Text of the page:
Resource Library

Church’s Childcare Serves The Working Poor

Resource from Faithful Generosity Story Shelf
Resource Library

Church’s Childcare Serves The Working Poor

Photo of a teacher facing kindergarden students in a classroom. The students have their hands up as the teacher readers them a book.

Excerpt from Kinder Academy by Allison King for Partners for Sacred Places. Originally published February 2015.

The Bustleton neighborhood of Northeast Philadelphia looks like a tidy suburban enclave of modest brick homes and well-kept yards. With its white spire and wide-columned portico, Bustleton United Methodist Church reinforces that impression. But this neighborhood of working-class families—home to a growing number of immigrants from India, Russia, and Eastern Europe—has been hard hit by the current economic crisis. And the Bustleton UMC childcare center, run by Kinder Academy, Inc., sees the economic impact in the children it cares for and educates.

“We serve the working poor,” says Leslie Spina, director of the Bustleton childcare center and founder and administrator of six other Kinder Academies throughout Northeast Philadelphia. “Seventy-five percent of our children come from single-parent homes; 56 percent are receiving subsidy. The majority are struggling.”

Nicole Spellman was certainly struggling when she moved to Philadelphia four years ago, newly single with two young children, no job, and no friends or family nearby. The Bustleton childcare center offered her a lifeline. Anytime she had a job interview, she could drop off her kids at the day care free of charge. Bustleton Kinder Care became an anchor for Nicole as she adjusted to her new situation and neighborhood. “People would give me directions, help me get to the places I needed to go—all the little things that make you feel welcome,” she recalls.

Kinder Academy boasts of “quality childcare that provides a structured preschool program with the convenience of daycare hours.” The childcare center at Bustleton UMC is the jewel in Kinder Care’s crown, made possible with the space and support offered by the congregation.

Kinder Academy has made vibrant use of the church’s underused space by repainting, restructuring, and retrofitting old auditoriums and screening rooms at Bustleton to serve as bright yellow classrooms for “Caterpillars” and “Butterflies,” the oldest preschoolers. The center and church coexist in a mutually beneficial (and mutually dependent) relationship. Several in the aging congregation volunteer as tutors or donate art supplies. One congregant, Al—better known to the children and staff as “Pop-Pop”—serves as resident tinkerer and fix-it man. “This is what a retro-fitted program looks like,” says Spina, waving her hand down a corridor of rooms that perform double-duty nights and weekends for Sunday school, scout troops, and AA meetings. “It’s more about the families [than the facility]. We make connections with the families.”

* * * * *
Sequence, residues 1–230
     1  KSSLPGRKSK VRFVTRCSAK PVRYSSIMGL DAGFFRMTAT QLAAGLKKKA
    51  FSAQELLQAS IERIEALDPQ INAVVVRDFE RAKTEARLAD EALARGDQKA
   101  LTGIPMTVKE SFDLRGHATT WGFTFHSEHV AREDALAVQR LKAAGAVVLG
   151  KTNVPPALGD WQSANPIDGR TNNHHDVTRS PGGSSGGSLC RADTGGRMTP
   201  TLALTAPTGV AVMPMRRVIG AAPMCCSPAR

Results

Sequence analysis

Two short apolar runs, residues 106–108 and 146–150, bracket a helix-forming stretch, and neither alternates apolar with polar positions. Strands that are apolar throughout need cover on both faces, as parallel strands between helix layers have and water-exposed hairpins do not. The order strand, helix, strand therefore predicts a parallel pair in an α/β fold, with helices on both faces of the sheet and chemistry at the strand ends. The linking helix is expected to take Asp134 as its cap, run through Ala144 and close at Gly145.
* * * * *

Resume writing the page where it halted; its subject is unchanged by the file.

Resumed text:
For Spellman, that connection continues to make a difference in her children’s lives. They still start their day at Bustleton’s day care so Nicole can get to work. And when she picks them up there at the end of her workday, she often lingers, making sure all homework is done before they go home. Besides, laughs Nicole, “they always seem to have the supplies—those glue sticks and scissors—I can never seem to find at home.”

The Kinder Academy program at Bustleton has long been responsive to children with special needs and their families, mainstreaming them into the classroom and accommodating their aides or individual assistants. With fifteen years’ experience in childcare, Spina knows how to help parents with special-needs children navigate the bureaucratic maze and learn what services the state offers. Her base at the congregation gives her a willing volunteer network to tap into. When Nicole’s son was struggling with reading, Spina arranged for an after-school tutor, a volunteer from the church, at no extra charge.

Such extraordinary attention and responsiveness to families’ needs is the ultimate mark of a day care center’s commitment to quality. “It’s all about relationship building,” says Cohen. Whether caring for infants or providing a safe and stimulating environment for elementary schoolchildren at the beginning or end of the day, the best day care centers are “like a second home for the child.” As Spellman and her children attest, that is exactly the environment Spina and her staff have worked hard to create at Bustleton. “They made us feel welcome when we knew nobody. We’re all very comfortable there.”

Read the full story.

This story is part of Lake Institute’s story collection, the Faithful Generosity Story Shelf, which highlights congregations and other religious organizations who have sought to use their assets and resources in creative—and sometimes surprising—ways as an expression of faithful giving.

Each entry in our Story Shelf is short enough to be read and discussed during a committee meeting or other group gathering. Our hope is that these accessible vignettes will spark new questions, conversation, and imagination among clergy and laity about what might be possible with the funds, buildings, land, and other resources in their care. If you know a story that should be included in the Story Shelf, suggest it here.


DATE: August 31, 2022
TOPIC: Organizational Leadership
TYPE: Story/Case Study
SOURCE: Faithful Generosity Story Shelf, Outside Organization, Sharing Property
KEYWORDS: Community, Property
AUTHOR: Partners for Sacred Places